The Korea Herald, South Korea’s English-language daily reported on May 18 that Global Honors Network, a local nonprofit, will provide humanitarian assistance to Abkhazia, Georgia’s Russian-occupied region.
The newspaper stated that South Korean nonprofit will send COVID-19 diagnostic test kits for distribution to Abkhaz healthcare providers and set up “the first Korean hospital” locally.
The Korea Herald’s reporting did not specify whether the aid was authorized by Georgia to be transported to the region or – alternatively – it would reach Abkhazia via Russia, violating Georgian law on the occupied territories.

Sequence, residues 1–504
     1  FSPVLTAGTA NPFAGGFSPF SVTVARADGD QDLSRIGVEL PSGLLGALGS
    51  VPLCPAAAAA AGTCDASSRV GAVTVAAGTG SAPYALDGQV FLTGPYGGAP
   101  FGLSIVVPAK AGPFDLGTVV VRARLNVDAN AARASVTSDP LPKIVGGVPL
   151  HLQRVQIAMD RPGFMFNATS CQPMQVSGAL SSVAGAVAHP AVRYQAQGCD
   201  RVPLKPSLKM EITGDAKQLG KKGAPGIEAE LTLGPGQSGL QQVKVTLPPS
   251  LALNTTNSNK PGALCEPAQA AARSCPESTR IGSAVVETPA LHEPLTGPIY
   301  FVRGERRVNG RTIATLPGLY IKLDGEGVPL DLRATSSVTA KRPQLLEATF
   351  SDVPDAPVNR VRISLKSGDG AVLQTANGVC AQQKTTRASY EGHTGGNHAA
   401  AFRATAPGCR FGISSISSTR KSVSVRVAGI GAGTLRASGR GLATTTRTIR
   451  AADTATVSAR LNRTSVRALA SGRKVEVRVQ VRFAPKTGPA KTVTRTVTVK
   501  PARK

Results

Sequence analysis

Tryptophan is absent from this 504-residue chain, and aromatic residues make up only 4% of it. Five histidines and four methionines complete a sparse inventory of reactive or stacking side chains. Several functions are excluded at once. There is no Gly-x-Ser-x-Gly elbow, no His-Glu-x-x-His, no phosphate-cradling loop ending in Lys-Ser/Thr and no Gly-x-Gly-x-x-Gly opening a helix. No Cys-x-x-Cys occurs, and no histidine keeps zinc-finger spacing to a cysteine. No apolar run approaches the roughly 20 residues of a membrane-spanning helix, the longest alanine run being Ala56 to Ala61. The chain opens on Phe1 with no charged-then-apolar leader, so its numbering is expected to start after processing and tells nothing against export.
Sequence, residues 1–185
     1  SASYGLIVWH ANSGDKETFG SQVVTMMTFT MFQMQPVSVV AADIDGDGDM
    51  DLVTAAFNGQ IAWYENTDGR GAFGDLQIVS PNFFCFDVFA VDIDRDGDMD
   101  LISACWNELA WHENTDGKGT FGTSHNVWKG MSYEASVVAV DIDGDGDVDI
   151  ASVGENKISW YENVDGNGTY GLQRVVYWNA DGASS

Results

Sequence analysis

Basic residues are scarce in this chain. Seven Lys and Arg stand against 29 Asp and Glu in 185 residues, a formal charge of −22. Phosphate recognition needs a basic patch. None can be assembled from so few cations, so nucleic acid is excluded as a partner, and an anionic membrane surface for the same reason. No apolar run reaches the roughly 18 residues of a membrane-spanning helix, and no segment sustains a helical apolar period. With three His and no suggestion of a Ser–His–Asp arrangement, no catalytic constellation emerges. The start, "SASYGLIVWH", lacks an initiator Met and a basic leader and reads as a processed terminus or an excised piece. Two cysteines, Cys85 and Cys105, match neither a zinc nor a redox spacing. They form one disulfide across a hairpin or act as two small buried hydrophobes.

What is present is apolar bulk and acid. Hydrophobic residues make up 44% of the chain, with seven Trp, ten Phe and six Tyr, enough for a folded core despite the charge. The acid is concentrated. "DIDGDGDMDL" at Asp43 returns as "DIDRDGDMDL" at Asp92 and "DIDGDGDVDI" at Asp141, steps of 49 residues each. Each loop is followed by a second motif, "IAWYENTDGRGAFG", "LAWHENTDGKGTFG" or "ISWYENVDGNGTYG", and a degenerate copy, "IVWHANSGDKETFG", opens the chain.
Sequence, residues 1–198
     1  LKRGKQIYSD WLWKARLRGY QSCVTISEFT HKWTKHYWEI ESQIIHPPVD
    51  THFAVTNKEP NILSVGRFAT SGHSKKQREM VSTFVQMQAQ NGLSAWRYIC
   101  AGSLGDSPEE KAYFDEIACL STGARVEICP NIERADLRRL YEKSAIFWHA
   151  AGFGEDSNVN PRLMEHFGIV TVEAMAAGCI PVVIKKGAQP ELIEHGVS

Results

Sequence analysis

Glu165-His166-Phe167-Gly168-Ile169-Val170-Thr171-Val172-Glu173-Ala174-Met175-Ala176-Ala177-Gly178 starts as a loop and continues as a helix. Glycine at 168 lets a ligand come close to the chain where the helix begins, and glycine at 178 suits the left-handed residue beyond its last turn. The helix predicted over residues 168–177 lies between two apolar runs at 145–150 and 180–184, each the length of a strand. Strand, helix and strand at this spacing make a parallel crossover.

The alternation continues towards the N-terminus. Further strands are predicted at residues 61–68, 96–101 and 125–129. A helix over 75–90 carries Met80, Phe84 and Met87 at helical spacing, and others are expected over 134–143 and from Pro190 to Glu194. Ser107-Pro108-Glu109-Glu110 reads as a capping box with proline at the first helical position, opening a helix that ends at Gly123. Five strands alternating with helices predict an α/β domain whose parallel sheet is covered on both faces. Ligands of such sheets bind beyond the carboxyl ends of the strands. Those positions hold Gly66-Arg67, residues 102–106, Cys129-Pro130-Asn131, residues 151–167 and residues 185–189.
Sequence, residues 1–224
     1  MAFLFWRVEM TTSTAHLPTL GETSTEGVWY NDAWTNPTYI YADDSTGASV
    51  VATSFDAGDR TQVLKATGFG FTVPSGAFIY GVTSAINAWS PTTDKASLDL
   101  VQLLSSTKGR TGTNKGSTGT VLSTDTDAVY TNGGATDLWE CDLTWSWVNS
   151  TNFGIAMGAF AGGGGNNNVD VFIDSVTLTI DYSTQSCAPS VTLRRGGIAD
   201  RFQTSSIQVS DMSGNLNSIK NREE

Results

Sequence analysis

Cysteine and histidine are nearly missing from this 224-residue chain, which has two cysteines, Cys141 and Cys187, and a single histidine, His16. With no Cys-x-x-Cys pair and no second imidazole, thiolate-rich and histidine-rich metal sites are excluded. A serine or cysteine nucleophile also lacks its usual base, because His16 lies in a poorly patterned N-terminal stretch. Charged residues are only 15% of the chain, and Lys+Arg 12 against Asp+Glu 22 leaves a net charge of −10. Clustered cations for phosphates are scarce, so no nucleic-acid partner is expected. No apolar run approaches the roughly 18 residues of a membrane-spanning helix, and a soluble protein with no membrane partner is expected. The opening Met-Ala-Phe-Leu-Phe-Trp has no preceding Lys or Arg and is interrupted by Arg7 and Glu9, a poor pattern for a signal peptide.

Otar Berdzenishvili, Georgia’s Ambassador to the Republic of Korea, told Civil.ge that the nonprofit had not been licensed by South Korean authorities to export COVID-19 test kits, which bars the organization from delivering the aid through legal channels.
Based on the information at hand, Berdzenishvili stated that Global Honors Network is staffed by a small number of people “with alleged ties to the U.S. and Russia.”
“The person behind this undertaking is said to reside in Russia and hopes to deliver assistance to Abkhazia from Russia,” Berdzenishvili noted.
The Ambassador assessed nonprofit’s actions as “serving [pro-Russian] propaganda purposes.”
Civil.ge also reached to the Ministry of Reconciliation and Civic Equality of Georgia, the country’s main body overseeing the Russian-occupied regions, which could not provide information regarding South Korean nonprofit’s efforts to “provide aid” to the region.